Any interesting/fun/crazy things to do or eat in Japan in fall? Nature&City


Hi, guys! I’m going to Japan in early November and I’m looking for things to do and/or eat while I’m there.

I’ll be going to Tokyo, Kyoto, Osaka, Nara and Nikko. I also have two days that I can use for day trips. What do you recommend? What should I do or check out? Any restaurant recommendations?

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Aah, what an amazing trip, have fun! We have a great list of some of Tokyo’s wildest concept cafes, I’ve always wanted to visit one of these:

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Oh, yeah. Where do I start? Let’s start with a couple food highlights from my recent trip.

Soba at this place in Tokyo: 店舗案内|松原庵 欅(けやき)原宿 蕎麦(そば)屋

Tofu at this place in Kyoto: Kyoto Mamehachi - Pontocho - Restaurant Reviews, Photos & Reservations - TripAdvisor

Two of the best meals I’ve ever had.

There’s a Zen temple called Kang-an in Kyoto that has a bar, which is really beautiful, especially at night. It’s deep in a Kyoto neighborhood and not very easy to find, but well worth the hunt. An intoxicating temple in Kyoto | The Japan Times. I went on both my trips to Kyoto.

And don’t miss Sanjūsangen-dō! It’s magical.


Thaaaanks. I got interested in Zauo. That sounds really fun.


Hiiiiii, thanks for the recommendations! I am really interested in the tofu restaurant, I had no idea about it.

Also, earlier I had decided to not visit the Sanjusangendou, but reading the post and finding out about the Musashi battle, I’ll have to check it out!


While it sounds crazy, KitKats. Only in Japan will you find over 300 flavors of KitKat’s. Also Taiyaki, the most fun spot to find and eat these is in the Asakusa shopping area of Tokyo. Near Asakusa are also lots of stores that sell the plastic food one associates with U.S. Japanese restaurants.

If you like modern architecture, try to get to the other side of the Sumida River from downtown Tokyo.

In Kyoto, a very off the beaten path thing to visit is Mimizuka. I suggest you print it off in Japanese, with a map if possible as many local people know nothing about it.


Simple but good: in the winter, if you see a guy (it’s always a guy, I believe) pushing a small fragrant cart with a sad-sounding melody blaring from it down the street, DO stop him and buy a roasted sweet potato. These are satsumaimo, the ones with red peels and white/yellow flesh, and they are very different from orange yams.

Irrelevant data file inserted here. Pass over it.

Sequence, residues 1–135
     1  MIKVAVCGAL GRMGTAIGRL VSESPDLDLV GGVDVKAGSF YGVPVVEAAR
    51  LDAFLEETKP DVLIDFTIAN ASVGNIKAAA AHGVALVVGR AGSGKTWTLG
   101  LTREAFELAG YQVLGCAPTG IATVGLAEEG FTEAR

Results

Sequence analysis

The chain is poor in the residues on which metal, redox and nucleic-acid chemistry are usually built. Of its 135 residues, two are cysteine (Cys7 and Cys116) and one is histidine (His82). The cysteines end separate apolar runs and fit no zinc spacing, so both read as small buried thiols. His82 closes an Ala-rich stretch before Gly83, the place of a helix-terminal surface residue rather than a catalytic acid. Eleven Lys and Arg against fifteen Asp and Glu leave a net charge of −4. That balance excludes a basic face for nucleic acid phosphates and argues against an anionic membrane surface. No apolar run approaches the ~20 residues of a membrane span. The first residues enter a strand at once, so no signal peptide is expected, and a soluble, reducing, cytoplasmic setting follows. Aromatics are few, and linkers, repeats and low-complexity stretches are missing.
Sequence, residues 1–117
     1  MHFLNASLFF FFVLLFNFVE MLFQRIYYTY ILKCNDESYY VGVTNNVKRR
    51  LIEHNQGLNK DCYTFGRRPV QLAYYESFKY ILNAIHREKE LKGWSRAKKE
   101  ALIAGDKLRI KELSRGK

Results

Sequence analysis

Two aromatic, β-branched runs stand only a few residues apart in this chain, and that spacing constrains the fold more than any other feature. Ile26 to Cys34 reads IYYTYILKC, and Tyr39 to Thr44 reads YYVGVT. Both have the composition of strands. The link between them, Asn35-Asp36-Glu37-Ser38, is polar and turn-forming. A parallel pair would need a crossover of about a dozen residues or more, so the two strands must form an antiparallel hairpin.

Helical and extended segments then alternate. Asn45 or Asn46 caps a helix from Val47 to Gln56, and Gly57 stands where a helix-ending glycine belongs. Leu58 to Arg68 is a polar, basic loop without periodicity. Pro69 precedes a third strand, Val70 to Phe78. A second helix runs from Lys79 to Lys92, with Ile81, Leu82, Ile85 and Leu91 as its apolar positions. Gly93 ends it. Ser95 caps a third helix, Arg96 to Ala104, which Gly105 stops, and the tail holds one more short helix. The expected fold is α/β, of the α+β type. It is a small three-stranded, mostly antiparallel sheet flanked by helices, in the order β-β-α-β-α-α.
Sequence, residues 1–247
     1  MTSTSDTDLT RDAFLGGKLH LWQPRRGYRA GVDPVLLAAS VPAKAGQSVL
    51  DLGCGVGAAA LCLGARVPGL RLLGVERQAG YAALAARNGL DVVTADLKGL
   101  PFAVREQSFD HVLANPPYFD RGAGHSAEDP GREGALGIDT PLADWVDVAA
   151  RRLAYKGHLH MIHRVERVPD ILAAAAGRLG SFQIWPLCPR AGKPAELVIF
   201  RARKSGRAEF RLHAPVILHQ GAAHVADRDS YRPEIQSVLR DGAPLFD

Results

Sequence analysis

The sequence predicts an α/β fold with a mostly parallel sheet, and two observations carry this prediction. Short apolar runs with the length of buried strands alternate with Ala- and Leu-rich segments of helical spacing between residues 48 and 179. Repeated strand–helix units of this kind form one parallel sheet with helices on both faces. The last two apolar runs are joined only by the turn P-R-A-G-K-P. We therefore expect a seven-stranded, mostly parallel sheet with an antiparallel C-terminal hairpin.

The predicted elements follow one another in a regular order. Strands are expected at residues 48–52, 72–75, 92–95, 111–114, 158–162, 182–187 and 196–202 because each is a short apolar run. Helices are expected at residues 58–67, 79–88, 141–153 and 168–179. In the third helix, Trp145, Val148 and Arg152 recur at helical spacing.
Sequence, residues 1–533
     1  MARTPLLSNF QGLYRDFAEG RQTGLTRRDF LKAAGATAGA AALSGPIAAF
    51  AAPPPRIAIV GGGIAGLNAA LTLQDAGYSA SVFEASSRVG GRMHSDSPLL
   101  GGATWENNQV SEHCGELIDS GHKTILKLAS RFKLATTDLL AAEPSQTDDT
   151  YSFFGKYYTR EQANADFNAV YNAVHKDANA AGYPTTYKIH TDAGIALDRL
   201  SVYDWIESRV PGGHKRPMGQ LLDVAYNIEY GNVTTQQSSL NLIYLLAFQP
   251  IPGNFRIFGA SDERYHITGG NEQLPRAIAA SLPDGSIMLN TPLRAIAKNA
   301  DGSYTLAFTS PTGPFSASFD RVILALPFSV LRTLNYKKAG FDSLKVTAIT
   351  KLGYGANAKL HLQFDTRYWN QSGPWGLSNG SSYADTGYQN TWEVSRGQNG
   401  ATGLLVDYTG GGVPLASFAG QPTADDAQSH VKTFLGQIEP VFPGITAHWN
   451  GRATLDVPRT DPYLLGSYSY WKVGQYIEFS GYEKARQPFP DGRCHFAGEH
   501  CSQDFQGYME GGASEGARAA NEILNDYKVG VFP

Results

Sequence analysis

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Make sure to stop into a Japanese bakery. They have THE most beautiful pastries you ever saw!


It doesn’t sound crazy at all. I’m aware of the many KitKats that exist in Japan. They’re so many it’s kinda overwhelming. Do you have any recommentations of flavors? I’m excited about the cherry blossom one and also the green tea, which I think is the most traditional.

Is Mimizuka the one with all the ears in it?

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Do they only come out in winter? Is it easier to find it in Kyoto?

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Green Tea is my favorite, but I love anything matcha. The saki ones are not very exciting, but I thought the shinzu apple, Tokyo banana, and strawberry tiramisu were good. I would have loved to have found cherry blossom, that sounds wonderful. Have fun!

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The gold dusted ice cream and other foods of Kanazawa. There is a 900e hamburger made in honor of the new emperor.

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Japanese Massaged Dried Persimmon: Hoshigaki

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Definitely watch “Abroad in Japan” videos on YouTube!


I think they may be year-round, but it’s more of a treat when your hands are cold. I never looked for them in Kyoto, but I imagine they are there too?


Japan is big on seasonal flavors. In the Fall some of these things are sweet potato, kabocha, chestnut…
Convenience stores like 7/11 or Lawson’s (which I 100% recommend as great places to pick up snacks) will even have things like beverages, breads, chips, and candy flavored after seasonal foods. Like purple sweet potato Kit Kats, or chestnut tonyu.
Pulling something from Gastro Obscura, you can get fried Maple leaves near Osaka! I haven’t tried them myself.

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We went to Toei Kyoto Studio Park. It is an interactive theme park/movie set where you can observe the filming of period dramas (jidaigeki films) and walk around the set. The sets depict a street from the Edo period, and is used to shoot more than 200 films per year. There are ninja shows and you can also dress up as a geisha or samurai.

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